Armed robber to Ironman: How sport saved John McAvoy's life
Once one of Britain’s most wanted criminals, John McAvoy says he would be dead if it wasn't for sport.
''I wouldn’t be the person I am today. It literally did save my life." he told the Olympic Channel Podcast.
After a career in crime, and serving 10 years behind bars, he became a record breaker and is now a fully professional Ironman triathlon athlete.
The 35-year-old is on a mission to help inspire, and prevent other young people from making the same mistakes he did, and spoke to the Olympic Channel Podcast about owing his life to sport and his new motivational quest.
Podcast: The armed robber redeemed by sport
Podcast: The armed robber redeemed by sportJohn McAvoy is an Ironman triathlete. The first part of his life was spent in prison or committing serious crime. Now, he’s broken world records in indoor rowing and been given an official pardon by the UK government. McAvoy vowed to change his ways when his friend died in a car chase. He left behind a criminal life of chasing money to focus on motivating and inspiring people. “If you gave me the option between winning a gold medal at the Olympics, or sacrificing my whole athletic career to stop one kid going to prison: I’d sacrifice everything,” he said to the Olympic Channel Podcast. Photo credit: @thatcameraman/instagram
McAvoy submerged in family crime
John McAvoy was born in England in 1983, and grew up surrounded by organised crime in South London.
His step-dad was one of Britain's most prolific armed robbers and was a multimillionaire at the age of 21 years old.
Motivated by money, McAvoy decided he wanted to be involved in organised crime too.
''I made the decision at quite a young age that I was going to follow inline with what my stepdad and all of his friends were doing.'' - John McAvoy to Olympic Channel podcast.
At 16 years old he purchased his first gun and a criminal career began.
Two years later, he was handed a five year prison sentence for nine counts of armed robbery.
Prison time for armed robbery
During his first stint in jail, as an 18-year-old, McAvoy refused to obey guards orders and was confined to an isolated cell.
He remained in that cell for 365 days, and in that time started training and working out.
''I made a decision when I was in that cell that I would educate myself, I would read. And then this is where I started exercising. Because up until this point I never exercised at all. And I didn’t even know the names of the exercises I was doing at the time" - John McAvoy to Olympic Channel Podcast.
But his mindset did not change.
After two years behind bars he was released, and was more determined that ever to commit crimes.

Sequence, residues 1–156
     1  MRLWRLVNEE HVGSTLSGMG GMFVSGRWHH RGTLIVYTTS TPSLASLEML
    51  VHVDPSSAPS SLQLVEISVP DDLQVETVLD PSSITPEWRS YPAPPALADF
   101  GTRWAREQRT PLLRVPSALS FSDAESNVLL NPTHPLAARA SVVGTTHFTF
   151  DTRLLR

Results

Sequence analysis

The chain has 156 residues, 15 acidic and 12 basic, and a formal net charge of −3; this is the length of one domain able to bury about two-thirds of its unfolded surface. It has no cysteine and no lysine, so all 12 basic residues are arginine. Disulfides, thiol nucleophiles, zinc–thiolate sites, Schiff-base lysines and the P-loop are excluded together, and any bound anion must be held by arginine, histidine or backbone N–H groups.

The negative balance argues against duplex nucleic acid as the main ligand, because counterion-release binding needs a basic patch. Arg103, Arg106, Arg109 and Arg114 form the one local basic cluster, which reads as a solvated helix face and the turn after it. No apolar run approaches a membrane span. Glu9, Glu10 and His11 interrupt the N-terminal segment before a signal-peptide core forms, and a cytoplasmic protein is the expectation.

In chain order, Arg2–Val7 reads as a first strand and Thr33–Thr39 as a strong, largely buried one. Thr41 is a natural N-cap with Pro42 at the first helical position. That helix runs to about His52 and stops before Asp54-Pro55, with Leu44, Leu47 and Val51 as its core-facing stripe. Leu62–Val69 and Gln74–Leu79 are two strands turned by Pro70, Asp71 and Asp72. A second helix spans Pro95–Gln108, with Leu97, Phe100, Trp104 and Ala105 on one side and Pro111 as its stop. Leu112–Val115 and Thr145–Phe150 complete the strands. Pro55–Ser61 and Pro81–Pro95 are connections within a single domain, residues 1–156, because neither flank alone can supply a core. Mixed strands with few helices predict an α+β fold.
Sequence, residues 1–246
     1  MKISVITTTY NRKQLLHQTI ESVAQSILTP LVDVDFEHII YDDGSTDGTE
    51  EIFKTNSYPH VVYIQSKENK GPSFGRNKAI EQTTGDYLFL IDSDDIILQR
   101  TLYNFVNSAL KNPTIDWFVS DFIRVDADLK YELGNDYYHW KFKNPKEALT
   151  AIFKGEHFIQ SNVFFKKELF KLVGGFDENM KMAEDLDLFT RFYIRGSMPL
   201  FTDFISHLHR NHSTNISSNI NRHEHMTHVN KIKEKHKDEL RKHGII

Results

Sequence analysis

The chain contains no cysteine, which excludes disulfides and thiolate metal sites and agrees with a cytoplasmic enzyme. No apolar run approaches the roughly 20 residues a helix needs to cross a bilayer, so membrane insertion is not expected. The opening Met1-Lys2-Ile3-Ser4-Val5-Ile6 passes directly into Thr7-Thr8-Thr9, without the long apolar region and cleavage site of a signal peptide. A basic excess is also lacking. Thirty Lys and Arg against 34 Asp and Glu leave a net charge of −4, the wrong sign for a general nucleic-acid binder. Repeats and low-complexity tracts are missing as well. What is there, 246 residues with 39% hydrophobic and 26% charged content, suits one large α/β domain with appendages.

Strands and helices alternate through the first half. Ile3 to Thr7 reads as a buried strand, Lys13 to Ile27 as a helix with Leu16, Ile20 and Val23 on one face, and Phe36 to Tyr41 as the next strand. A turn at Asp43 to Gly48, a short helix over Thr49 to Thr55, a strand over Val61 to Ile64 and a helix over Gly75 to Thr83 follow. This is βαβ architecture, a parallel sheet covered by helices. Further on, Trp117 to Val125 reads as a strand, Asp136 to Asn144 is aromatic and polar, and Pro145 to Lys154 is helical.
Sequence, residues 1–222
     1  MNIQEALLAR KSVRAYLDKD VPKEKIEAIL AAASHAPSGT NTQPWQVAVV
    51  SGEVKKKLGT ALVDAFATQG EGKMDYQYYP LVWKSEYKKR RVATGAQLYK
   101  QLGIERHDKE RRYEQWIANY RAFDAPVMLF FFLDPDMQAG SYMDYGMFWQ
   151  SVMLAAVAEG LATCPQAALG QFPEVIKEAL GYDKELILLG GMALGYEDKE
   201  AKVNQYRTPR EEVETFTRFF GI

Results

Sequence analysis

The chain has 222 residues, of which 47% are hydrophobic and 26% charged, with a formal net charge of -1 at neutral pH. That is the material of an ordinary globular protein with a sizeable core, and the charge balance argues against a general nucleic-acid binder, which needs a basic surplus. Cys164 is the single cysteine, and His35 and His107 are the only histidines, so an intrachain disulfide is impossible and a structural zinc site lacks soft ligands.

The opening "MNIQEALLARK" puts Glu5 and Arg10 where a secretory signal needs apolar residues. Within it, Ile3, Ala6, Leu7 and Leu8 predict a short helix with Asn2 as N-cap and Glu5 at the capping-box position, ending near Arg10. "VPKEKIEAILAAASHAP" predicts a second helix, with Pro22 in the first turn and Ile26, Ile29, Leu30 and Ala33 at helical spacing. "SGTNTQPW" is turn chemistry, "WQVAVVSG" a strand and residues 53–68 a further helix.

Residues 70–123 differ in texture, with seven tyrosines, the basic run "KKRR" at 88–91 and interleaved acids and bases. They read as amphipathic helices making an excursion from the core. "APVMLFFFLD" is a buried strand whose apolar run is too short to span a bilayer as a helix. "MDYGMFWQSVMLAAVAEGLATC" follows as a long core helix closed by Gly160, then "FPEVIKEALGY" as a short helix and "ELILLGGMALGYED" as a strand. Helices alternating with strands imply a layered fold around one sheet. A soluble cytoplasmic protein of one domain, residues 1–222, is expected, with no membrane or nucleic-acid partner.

His freedom was short lived.
At the age of 24, he was put in a high security unit in the maximum security Belmarsh prison after being given two life sentences for armed robbery.
''I really got the gravity of how much 'the system' was going to do everything in their power for me to stay in there as long as I possibly humanly could.''
His fellow inmates included Abu Hamza and the London 21/7 suicide bombers.
''When I saw them, I thought, 'I am in a lot of trouble.''' - John McAvoy to Olympic Channel Podcast.
Turning point for McAvoy
While serving his second prison sentence, McAvoy found out that his best friend had been killed in a car crash after an armed robbery.
He revealed that this was the moment he changed his life's path.
''I needed to get out.'' - John McAvoy to Olympic Channel Podcast.
"I made the decision from that night that I would never commit a crime ever again, that was me done. I wanted to get out of this place, and I wanted to do something else with my life. I didn’t know what it was or what I was going to do but I knew I didn’t want to do this anymore."
As a form of escapism, he started rowing in the prison gym.
It was there a prison officer noticed that he had ability.
''I remember the first time I got on the rowing machine, when I was 26. The first row I ever did was two hours, it was like 30 thousand metres. I remember looking at those numbers on that rowing machine and it literally transcended me out of that environment completely.''
As an inmate he went on to break eight British and three world indoor rowing records, including the longest ever continuous row, for 45 hours - 263,560m.
Instead of being intoxicated by money, he was driven by the will to succeed as an athlete.
The Londoner was turning his life around.
Redemption and the power of sport
Once released in 2012, McAvoy set his sights on a rowing career.
''I remember, the judge said to me, 'What are you going to do when you come out of prison'. And I said, 'I am going to be a professional athlete.''' - John McAvoy to Olympic Channel Podcast.
''I used to do sessions with guys who went to the Olympics at London 2012 and physically, on a rowing machine, I could live with them. But I took up the sport too late so I literally missed the boat.'' he added.
After that dream failed, McAvoy turned to Ironman and hasn't looked back.
But as well as training and competing as a triathlete, he runs outreach programmes in a bid to help troubled youth.
''You need to give every young person in the world an opportunity to better their lives. And I genuinely believe sport can do that.'' - John McAvoy to Olympic Channel Podcast.
He say's he's committed to help prove the positive power of sport.
''If you gave me the option between winning an Ironman, or winning a gold medal at the Olympics, or sacrificing my whole athletic career to stop one kid going to prison. I’d sacrifice everything. It wouldn’t even be a conscious thought.''
John McAvoy was this week’s guest on the Olympic Channel Podcast.
Each week we find athletes and speakers to talk about the biggest Olympic talking points.